Here is a transcript of the article.
"Cement Guns" Are of Great Value in Quick Construction
The use of guns for construction rather than destruction is a recent development in building that helped materially in creating the structures that went up so rapidly during the war. These weapons of peace are the "cement guns" that shoot stucco with great speed and volume against steel or timber framework covered with wire network. The cement, appropriately called "gunnite," sticks to all framework, hardens, and a new wall comes into being. In the building of the army warehouses at Norfolk, Va., a "battery" of twelve or more cement guns bombarded the framework of the growing walls. As a matter of fact, however, it is questionable, except for the war, whether it would have occurred to anybody to name the new engine of construction a "gun." The apparatus is much more like a hose squirting a semi-liquid fluid mixture, and the terminology of the method would probably have related itself to the fire department, says the Christian Science Monitor. Under its operation a wall goes up almost as rapidly as a fire goes out.

Two final items from 1919.  A September issue of the Texas Commercial News contained an article indicating the roads around Sugar Land in those days turned into impassable mud bogs.  The same issue also said that the new project to build a power plant and electrify the town was well underway.  The power plant referred to in the article was the structure between Oyster Creek and Main St. across from the water tower.  The building was razed last year.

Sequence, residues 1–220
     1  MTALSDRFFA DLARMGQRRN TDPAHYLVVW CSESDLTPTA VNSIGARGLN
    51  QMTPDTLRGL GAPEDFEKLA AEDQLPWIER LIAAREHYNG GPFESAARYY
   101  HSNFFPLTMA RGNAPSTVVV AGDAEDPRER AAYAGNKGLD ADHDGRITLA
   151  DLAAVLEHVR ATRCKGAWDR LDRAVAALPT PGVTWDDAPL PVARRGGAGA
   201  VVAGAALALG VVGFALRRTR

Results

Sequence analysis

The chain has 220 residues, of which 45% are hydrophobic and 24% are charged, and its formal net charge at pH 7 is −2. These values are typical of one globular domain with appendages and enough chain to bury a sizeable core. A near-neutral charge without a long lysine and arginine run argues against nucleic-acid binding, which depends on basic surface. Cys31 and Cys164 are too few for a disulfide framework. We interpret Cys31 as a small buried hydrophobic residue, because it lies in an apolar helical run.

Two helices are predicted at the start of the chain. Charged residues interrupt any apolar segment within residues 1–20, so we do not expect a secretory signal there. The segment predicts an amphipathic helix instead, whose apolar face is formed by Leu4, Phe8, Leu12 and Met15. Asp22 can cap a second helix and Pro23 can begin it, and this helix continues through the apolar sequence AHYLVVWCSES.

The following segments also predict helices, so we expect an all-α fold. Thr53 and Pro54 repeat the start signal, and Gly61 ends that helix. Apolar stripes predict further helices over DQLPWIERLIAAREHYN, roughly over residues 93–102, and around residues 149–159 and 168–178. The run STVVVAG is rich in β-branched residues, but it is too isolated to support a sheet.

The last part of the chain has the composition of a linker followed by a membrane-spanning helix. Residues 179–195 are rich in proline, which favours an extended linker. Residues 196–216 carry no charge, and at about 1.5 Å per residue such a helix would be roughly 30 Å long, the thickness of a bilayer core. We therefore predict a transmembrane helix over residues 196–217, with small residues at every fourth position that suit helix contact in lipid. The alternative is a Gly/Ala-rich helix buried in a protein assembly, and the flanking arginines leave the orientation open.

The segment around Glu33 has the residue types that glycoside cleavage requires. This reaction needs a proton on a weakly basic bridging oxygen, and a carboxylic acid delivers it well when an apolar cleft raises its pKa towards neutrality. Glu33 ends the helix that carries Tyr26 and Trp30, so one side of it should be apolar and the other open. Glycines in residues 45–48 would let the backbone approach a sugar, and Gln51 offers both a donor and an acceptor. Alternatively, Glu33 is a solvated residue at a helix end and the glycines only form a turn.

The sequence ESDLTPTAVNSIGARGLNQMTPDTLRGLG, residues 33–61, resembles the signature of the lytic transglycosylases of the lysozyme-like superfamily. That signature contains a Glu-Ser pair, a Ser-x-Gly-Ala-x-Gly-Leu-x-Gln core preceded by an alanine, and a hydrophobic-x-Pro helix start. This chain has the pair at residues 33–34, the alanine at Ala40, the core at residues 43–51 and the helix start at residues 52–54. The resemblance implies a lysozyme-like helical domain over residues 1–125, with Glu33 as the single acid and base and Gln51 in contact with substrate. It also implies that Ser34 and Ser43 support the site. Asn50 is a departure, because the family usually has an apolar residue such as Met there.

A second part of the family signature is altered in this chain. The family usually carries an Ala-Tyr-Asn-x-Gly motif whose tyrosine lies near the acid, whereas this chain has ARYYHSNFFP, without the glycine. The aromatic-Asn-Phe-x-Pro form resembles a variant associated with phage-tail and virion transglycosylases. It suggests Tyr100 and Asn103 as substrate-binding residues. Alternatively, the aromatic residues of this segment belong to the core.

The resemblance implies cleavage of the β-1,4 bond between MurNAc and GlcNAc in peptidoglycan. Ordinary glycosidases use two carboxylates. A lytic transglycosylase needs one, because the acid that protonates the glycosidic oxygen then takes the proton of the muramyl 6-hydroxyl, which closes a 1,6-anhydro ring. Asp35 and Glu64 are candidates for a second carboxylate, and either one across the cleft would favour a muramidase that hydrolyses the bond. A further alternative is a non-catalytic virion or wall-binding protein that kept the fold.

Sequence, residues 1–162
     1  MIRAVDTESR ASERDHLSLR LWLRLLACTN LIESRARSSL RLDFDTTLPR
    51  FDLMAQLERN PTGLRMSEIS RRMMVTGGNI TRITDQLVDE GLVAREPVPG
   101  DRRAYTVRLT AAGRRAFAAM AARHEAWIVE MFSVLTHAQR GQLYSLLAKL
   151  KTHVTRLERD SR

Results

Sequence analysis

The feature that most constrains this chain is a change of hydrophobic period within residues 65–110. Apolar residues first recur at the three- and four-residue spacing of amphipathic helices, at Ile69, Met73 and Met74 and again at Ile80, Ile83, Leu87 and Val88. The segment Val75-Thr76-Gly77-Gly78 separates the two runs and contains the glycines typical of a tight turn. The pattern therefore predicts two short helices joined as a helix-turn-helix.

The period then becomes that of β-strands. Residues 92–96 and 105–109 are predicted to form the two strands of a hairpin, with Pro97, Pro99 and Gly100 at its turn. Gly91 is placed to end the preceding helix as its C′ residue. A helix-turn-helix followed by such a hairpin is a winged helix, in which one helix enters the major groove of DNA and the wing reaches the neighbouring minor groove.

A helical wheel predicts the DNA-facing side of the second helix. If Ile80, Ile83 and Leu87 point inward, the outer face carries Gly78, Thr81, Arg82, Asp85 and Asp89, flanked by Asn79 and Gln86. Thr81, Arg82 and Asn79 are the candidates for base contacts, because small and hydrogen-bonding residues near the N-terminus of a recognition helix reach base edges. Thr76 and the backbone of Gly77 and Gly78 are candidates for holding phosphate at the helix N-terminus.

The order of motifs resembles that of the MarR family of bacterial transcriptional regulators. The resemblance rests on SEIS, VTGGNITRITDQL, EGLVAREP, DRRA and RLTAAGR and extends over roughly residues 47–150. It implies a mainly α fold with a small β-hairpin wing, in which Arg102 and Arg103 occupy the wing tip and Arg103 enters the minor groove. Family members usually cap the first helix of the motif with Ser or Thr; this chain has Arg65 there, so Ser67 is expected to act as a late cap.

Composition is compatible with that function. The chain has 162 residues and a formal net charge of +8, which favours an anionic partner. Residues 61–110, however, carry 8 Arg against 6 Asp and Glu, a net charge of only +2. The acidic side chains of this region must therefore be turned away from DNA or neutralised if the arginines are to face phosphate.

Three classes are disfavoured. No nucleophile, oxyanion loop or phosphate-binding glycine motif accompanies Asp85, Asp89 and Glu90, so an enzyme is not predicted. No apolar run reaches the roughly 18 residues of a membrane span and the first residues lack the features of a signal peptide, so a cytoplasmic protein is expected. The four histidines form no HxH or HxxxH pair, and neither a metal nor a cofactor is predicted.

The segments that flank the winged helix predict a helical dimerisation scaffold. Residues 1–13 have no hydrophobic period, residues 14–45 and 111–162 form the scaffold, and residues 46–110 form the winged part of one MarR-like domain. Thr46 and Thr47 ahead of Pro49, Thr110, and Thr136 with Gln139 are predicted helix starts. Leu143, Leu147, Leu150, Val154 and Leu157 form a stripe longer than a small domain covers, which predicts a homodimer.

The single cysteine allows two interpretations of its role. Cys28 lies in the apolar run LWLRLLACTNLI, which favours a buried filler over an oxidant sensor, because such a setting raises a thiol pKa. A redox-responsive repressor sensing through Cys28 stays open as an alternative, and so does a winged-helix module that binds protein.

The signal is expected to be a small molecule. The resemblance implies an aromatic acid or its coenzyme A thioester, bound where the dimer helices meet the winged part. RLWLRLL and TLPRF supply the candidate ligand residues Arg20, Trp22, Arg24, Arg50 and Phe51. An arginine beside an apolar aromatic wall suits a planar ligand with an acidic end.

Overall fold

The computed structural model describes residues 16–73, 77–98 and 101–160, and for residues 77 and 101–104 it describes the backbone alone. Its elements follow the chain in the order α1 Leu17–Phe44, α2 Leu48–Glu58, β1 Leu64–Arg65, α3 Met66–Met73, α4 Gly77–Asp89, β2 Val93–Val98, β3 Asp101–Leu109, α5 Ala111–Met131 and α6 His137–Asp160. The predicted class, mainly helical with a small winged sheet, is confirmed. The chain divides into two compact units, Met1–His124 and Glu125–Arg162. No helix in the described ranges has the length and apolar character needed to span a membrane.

Here are transcripts of the articles to save you from straining your eyes.
Got Stuck In The Mud
W. T. Eldridge, Jr. and family, accompanied by Miss Ivy Eldridge, Mr. and Mrs. Stanley Blum, Paul Richardson and Herbert Kempner of Galveston motored to Sugar Land from Galveston Sunday night. The trip was delightful till the car got stuck in the mud this side of Stafford where the party got out and went off for a team to pull them out.
Town Wiring And Building On Power Plant Progresses

Work on the big power plant is progressing rapidly now. Material is being unloaded in large quantities at the site. A pile driver has been erected and the foundation will soon be going in. Big poles are being set over town and new wiring installed. The system is to be much larger in all respects than the present equipment which the town as entirely out grown.